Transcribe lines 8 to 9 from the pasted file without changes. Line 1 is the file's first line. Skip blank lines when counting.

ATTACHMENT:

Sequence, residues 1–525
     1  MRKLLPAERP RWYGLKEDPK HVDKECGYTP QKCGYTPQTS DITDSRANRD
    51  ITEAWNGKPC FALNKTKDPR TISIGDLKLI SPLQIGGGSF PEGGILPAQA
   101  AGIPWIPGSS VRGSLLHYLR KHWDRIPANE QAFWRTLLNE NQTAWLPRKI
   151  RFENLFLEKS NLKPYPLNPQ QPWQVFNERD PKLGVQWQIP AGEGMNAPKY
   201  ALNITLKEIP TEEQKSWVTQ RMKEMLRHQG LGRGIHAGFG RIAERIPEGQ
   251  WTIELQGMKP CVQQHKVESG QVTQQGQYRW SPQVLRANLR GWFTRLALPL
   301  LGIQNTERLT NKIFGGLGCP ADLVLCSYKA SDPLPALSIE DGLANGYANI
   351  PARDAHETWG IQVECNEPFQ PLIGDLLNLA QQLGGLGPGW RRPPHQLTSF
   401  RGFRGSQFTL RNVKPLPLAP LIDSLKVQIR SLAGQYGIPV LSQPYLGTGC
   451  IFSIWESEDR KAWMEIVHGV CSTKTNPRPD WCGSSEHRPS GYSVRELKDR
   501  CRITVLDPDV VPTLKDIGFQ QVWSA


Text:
   301  LGIQNTERLT NKIFGGLGCP ADLVLCSYKA SDPLPALSIE DGLANGYANI
   351  PARDAHETWG IQVECNEPFQ PLIGDLLNLA QQLGGLGPGW RRPPHQLTSF